Derbyshire Stone (Namurian Sandstones)

January 1, 201312:00 pmMay 26, 2016 9:11 am
Worcester Road Bridge built of Darley Dale grit (© Copyright Kevin Skidmore CC-by-SA 2.0)

Worcester Road Bridge built of Darley Dale grit (© Copyright Kevin Skidmore CC-by-SA 2.0)

Very coarse buff, pale orange or pink sandstones from the Namurian age Millstone Grit Formation of Derbyshire. They are often arkosic (have a high proportion of sand grains composed of the mineral feldspar rather than quartz) and are most recognisable by their extremely coarse grained sand and large bed/block heights.

The moors between the Derwent and the Derbyshire Coalfield have been important since at least the 13th Century as a source of abrasive stones. The toughness of the Millstone Grit also makes it ideal as a building stone used countrywide. The Ashover Grits are the most important unit, especially in terms of wider exports and account for extensive quarrying between Belper and Little Eaton. At Stancliffe (an isolated outcrop at Darley Dale), Whatstandwell (Dukes Quarry) and Stanton Moor the stone is particularly massively bedded and developed a national reputation for durability and attractiveness. Many quarries remain operational as of 2016.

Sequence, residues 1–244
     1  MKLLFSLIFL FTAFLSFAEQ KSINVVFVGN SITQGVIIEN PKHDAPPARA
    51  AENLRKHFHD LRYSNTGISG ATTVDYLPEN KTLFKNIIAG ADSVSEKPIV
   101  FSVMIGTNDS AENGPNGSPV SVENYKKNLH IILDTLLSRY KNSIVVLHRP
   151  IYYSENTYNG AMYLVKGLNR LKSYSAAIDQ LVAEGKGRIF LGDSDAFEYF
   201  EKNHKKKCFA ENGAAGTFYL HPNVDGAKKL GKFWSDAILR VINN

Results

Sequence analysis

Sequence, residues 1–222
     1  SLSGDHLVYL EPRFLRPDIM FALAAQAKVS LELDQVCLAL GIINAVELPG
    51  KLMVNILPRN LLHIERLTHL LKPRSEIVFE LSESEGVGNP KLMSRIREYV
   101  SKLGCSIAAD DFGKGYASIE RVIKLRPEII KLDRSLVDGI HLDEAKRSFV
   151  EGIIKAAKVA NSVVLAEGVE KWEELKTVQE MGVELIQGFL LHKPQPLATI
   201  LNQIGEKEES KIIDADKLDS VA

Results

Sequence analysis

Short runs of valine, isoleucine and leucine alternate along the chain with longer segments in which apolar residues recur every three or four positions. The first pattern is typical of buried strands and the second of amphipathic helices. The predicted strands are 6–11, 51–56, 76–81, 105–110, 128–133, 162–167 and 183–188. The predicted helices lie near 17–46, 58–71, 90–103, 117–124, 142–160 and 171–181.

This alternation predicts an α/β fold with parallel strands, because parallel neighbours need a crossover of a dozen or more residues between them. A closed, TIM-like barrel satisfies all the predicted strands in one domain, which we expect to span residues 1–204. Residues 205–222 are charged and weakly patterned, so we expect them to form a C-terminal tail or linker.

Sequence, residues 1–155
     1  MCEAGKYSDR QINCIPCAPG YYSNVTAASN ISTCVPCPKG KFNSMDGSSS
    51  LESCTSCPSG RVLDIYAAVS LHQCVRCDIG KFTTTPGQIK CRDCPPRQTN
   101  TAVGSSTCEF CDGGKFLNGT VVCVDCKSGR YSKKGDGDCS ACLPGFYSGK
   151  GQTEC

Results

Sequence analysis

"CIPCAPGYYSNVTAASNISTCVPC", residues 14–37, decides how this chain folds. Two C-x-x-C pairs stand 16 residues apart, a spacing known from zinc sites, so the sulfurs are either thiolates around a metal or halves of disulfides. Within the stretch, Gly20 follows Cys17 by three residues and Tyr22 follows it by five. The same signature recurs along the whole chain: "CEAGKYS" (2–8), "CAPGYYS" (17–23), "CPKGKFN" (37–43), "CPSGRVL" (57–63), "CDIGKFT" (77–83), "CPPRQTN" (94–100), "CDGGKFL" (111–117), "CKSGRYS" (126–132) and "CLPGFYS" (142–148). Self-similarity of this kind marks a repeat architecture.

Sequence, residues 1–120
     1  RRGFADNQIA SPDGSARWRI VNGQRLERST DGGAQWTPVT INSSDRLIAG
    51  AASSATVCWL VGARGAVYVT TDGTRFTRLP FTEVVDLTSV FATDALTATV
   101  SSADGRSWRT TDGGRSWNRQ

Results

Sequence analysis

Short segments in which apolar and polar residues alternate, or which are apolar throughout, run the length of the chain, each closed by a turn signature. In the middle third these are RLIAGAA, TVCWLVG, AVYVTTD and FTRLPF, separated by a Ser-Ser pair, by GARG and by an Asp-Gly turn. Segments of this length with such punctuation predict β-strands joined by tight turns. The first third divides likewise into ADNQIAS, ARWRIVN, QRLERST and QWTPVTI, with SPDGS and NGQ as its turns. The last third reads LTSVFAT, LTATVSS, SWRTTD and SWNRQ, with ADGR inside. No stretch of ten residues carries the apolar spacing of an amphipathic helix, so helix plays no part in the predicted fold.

Very coarse pinkish, cross-bedded grit from Darley Dale, most likely Birchover Quarry, was used for the 1930s reconstruction of Worcester Bridge.

Browse the database for sites using Millstone Grit ->

Written by Elliot Carter

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